In the compact category, the VW ID.3, the spiritual successor of the VW Golf, is proving to be a flop, with the German EV now in #19. Expect this year’s title to go to the VW ID.4, a model that is said to have a strong second half of the year. In this case, the trophy should stay within the Volkswagen family, but in the hands of the ID.3’s crossover sibling, which is also a sign of the current times — more and more people prefer crossovers over regular hatchbacks.
In the midsize category, all hell broke loose. Not only is the Bimmer only 4th, behind both Teslas and the Hyundai Ioniq 5, but in the overall market, the Tesla Model 3 is outselling the BMW 3 Series, fossil-fueled units included! And with the Kia EV6 and Polestar 2 regularly outselling it, it wouldn’t be surprising if the BMW midsizer fell even further. With the BMW i4 failing to ramp up to significant levels, BMW will have a hard time recovering what was once its bread and butter market. Some would even say that BMW is f… — I mean, in trouble.
Finally, in the full size category, a lot hangs on the Mercedes EQE’s career. For now, the Audi e-tron holds the trophy, but the question remains as to how fast Mercedes will ramp up the EQE and how well the big Audi will resist the future attacks of the new Mercedes EV.
In the automaker ranking, with Tesla (8.4%) in off-peak mode, BMW (9.4%, up 0.3%) recovered the top spot. Mercedes (8.9%) followed suit, leaving Tesla in 3rd by the end of April.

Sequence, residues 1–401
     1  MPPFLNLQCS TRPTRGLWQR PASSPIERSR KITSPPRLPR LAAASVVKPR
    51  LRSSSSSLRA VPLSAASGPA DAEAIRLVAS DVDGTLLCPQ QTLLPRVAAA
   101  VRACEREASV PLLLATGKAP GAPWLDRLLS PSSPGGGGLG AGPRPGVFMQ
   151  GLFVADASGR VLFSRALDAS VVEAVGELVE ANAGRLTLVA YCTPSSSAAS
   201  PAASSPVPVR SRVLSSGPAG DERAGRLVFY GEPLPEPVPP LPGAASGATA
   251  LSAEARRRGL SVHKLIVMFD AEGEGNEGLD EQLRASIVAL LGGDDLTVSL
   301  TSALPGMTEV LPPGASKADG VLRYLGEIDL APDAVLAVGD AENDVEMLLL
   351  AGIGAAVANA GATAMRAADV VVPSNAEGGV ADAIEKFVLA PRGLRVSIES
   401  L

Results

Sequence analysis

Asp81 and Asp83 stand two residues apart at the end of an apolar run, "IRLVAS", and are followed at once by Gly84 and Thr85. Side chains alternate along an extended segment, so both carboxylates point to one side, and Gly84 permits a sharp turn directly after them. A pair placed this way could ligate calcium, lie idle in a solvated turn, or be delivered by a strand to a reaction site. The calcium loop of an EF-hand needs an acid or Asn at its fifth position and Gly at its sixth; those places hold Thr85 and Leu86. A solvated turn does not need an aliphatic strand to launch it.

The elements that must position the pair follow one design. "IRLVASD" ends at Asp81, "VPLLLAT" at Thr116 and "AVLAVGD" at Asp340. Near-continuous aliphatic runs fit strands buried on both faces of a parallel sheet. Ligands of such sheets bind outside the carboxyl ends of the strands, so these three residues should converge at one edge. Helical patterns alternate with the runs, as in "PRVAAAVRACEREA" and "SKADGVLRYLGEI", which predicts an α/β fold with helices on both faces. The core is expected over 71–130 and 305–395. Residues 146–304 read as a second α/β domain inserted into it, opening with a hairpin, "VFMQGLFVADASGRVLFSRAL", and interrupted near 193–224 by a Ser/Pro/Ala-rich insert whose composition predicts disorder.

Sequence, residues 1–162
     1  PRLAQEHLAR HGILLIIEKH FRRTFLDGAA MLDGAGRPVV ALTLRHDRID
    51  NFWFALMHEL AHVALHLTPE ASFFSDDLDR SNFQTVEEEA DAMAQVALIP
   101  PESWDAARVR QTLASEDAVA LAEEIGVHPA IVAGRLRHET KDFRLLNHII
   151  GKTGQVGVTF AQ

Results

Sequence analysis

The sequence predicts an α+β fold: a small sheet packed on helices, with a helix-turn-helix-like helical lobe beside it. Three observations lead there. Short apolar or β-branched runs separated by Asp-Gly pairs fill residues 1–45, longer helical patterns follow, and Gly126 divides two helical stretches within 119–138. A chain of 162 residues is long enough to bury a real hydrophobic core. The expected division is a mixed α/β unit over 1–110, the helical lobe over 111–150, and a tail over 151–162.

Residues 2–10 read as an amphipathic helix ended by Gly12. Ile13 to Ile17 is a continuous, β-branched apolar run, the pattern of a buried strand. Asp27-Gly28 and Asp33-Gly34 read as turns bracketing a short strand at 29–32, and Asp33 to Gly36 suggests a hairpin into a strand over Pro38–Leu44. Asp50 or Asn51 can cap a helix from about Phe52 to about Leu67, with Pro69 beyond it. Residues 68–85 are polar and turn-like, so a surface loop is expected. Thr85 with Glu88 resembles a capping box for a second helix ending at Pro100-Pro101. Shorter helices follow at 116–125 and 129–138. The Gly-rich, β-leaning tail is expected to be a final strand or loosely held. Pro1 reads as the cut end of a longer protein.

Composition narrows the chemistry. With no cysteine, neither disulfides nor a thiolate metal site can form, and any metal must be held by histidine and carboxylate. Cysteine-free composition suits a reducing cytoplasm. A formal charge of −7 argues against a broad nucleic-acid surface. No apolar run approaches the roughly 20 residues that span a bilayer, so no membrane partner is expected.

In 4th we now have Kia (6.4%, up 0.4 percentage points), which surpassed Volvo, now in 5th, with 6% share.
With Peugeot, Volkswagen, and Audi having 5.8% each, the race for the 5th position will be quite interesting. This is a very balanced EV market, as proven by the fact that leader BMW has less than 10% share, and also by the fact that no brand managed to place more than two models in April’s top 20. Quite different from the Chinese EV market.
Arranging things by automotive group, Volkswagen Group is ahead, with 17.4% share, down 0.1 point. Stellantis, which outsold Volkswagen Group in April, is in second (15.3%, up 0.6 points). The runner-up conglomerate is gaining ground on the leader due to the invasion of Ukraine particularly hitting Volkswagen Group since it has been reliant on Ukrainian suppliers for harnesses. Stellantis had theirs coming mainly from Morocco. The next couple of months could see the distance between the two become even smaller.
The current bronze medalist, Hyundai–Kia (11.8%, up half a percentage point) gained some ground over #4 BMW Group (11.3%, up 0.2). In 5th, we now have Mercedes-Benz Group (10.1%), which benefited from Tesla’s “off month.”
With the USA being Tesla’s turf for years now, and BYD strengthening its grip on the Chinese market, the hypothetical 3rd giant OEM of the EV era, Volkswagen Group, is watching its hold on the European market weaken. In order to remain at the same level of the other two, the German conglomerate needs to recover in its home market (Europe). Will it be able to do so? Hmmm…